How’re is your February going? Are you coping with the bad weather, the never-ending Lockdown and the inevitable tightening of belts? I’ve always found February to be a tougher month, financially, than January. In January, you run out of cash early because you were paid before Christmas and end up in debt/overdue on payments; February is when those debts have to be paid back. (You may remember me mentioning that tough February 30 years ago, when Dumbo left me with little more £20 to get through the month. It was the inspiration for several years of the “£50 February Challenge”.)
We went to the Butchers’ yesterday, spending £55.70 from the Meat Fund. Since our meat shopping is all about getting the biggest bang for our buck, I thought I’d share what we bought, what the plans are for it and how many portions we’ll get. The butcher doesn’t do an itemised bill, so I’m only recording prices where I saw them and can remember them. Remember, there’s only two of us in this household.
- 1 large roasting chicken - £7.99 - dinner tonight (we’ll eat the legs), chicken fajitas on Tuesday and chicken risotto on Wednesday. That’s at least 10 portions, plus stock.
- 1kg minced beef - at least 16 portions when padded out with veg, lentils/beans, etc
- 1 rolled, stuffed, boned breast of lamb 1.2kg - £13.60 - minimum of 4 portions of roast lamb. The butcher cut it in half for us, so we have two roasts.
- 8 chicken breasts, average weight 200g each - between 16 to 32 portions, depending on whether I double up in a recipe. I usually only use one in a stir fry or chicken pasta dish that serves 4.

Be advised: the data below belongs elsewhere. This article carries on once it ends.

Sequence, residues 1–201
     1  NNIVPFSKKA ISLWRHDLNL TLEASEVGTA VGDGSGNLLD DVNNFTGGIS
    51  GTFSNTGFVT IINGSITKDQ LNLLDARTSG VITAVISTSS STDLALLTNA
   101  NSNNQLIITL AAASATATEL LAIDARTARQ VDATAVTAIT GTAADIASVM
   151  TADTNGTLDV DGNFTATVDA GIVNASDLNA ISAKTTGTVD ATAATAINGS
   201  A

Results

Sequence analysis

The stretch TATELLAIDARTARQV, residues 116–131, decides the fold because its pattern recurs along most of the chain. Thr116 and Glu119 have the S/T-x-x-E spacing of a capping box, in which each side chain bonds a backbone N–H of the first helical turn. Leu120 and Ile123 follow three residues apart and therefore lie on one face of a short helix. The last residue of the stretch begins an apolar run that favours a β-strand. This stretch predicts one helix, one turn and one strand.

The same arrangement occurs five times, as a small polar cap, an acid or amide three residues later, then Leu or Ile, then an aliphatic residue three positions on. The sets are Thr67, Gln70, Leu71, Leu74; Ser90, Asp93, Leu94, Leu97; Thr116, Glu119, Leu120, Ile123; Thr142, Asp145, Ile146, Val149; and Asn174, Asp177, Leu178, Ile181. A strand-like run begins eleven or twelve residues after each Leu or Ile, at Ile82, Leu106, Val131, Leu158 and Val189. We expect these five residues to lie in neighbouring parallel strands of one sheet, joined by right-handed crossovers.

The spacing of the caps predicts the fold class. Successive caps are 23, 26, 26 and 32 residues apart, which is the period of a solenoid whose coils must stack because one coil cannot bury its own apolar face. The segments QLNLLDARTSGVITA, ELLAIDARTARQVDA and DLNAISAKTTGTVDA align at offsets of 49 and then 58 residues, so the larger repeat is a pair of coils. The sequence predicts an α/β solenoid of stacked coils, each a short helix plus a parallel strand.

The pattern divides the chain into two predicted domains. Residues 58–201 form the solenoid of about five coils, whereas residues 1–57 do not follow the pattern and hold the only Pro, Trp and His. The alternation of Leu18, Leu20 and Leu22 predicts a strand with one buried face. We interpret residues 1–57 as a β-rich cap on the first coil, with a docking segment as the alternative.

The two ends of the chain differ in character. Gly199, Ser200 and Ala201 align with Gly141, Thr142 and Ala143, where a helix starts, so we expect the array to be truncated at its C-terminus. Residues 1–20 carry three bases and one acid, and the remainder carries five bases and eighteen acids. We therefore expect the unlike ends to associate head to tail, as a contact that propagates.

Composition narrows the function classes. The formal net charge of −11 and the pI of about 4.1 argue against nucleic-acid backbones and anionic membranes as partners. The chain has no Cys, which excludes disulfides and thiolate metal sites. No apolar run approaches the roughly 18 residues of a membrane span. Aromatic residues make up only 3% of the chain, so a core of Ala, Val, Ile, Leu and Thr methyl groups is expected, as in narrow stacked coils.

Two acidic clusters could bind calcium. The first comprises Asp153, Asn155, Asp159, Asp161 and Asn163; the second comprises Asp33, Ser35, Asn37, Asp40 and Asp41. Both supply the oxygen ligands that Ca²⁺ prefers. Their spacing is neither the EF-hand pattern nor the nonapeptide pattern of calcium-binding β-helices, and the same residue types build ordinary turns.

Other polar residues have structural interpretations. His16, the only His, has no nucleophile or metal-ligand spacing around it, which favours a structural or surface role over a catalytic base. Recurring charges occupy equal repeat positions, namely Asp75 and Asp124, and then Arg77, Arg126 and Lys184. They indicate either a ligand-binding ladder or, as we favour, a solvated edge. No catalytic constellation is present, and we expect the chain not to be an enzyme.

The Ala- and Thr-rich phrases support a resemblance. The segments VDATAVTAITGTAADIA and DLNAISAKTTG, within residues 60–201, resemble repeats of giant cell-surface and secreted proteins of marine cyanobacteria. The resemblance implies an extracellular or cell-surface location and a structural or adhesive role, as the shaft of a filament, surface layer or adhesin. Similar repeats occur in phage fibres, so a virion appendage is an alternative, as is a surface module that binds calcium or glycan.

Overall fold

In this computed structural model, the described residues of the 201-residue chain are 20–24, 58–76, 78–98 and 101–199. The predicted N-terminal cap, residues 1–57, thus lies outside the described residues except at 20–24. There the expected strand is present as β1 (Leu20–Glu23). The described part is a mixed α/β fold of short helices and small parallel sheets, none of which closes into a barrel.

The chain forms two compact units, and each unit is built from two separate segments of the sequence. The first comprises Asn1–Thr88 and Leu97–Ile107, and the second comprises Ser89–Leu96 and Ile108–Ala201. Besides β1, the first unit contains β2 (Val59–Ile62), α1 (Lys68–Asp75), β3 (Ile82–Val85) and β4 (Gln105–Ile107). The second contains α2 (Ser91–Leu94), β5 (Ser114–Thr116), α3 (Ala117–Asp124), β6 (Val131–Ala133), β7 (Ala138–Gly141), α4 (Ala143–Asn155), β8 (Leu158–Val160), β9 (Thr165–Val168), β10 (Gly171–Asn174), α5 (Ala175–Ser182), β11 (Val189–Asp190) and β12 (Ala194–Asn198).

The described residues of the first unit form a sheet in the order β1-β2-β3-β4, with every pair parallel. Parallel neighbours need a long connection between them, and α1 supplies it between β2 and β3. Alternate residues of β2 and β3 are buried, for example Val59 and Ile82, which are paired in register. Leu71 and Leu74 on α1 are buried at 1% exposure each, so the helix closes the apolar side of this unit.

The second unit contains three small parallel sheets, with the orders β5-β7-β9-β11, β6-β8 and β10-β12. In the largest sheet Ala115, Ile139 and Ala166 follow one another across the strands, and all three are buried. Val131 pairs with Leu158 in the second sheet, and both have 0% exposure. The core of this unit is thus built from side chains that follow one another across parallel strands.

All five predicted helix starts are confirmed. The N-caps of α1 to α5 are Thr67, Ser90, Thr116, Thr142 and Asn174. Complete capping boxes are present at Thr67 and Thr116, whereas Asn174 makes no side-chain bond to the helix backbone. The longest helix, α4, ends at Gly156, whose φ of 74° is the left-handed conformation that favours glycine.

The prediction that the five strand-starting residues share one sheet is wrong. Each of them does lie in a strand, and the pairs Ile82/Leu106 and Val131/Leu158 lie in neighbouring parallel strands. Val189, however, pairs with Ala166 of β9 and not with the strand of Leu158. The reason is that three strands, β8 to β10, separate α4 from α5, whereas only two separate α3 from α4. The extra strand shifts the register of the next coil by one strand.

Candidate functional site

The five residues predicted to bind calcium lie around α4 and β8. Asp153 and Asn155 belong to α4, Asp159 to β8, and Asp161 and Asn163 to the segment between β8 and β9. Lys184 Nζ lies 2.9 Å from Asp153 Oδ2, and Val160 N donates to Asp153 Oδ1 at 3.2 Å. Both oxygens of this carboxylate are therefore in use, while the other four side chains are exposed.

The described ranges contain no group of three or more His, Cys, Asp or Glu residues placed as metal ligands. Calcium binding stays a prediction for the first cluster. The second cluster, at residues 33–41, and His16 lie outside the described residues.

- 8 large chicken thighs - 8 portions of chicken tray bake.
- 4 pork chops - two will definitely be served as chops, while the other two may get chopped up to make pork-and-beans and a stir-fry. Either 4 or 10 portions, depending on the outcome.
That’s between 54 and 80 portions of meat-based meals. As I said, it’s all about getting the biggest bang for our meat-buck.
With the exception of tonight’s roasting chicken, I have just finished shoehorning it all into the freezer. Everything has been “bagged and tagged”. I had to do it in stages to maximise space/freeze things in shapes that will stack and fit together, especially since the freezer was pretty full already with lunchboxes, tubs of soup/cooked pulses/homemade ready meals and sauces, not to mention the haggis that threatens to leap out at you... The mince was divided into 4 and carefully stuffed into freezer box to form 4 rectangles. The chicken breasts and chops were bagged separately and frozen to be as flat as possible. The chicken thighs were bagged in fours, while the lamb was stood on its end, to freeze upright.
As you can see, once again, I win at freezer Tetris.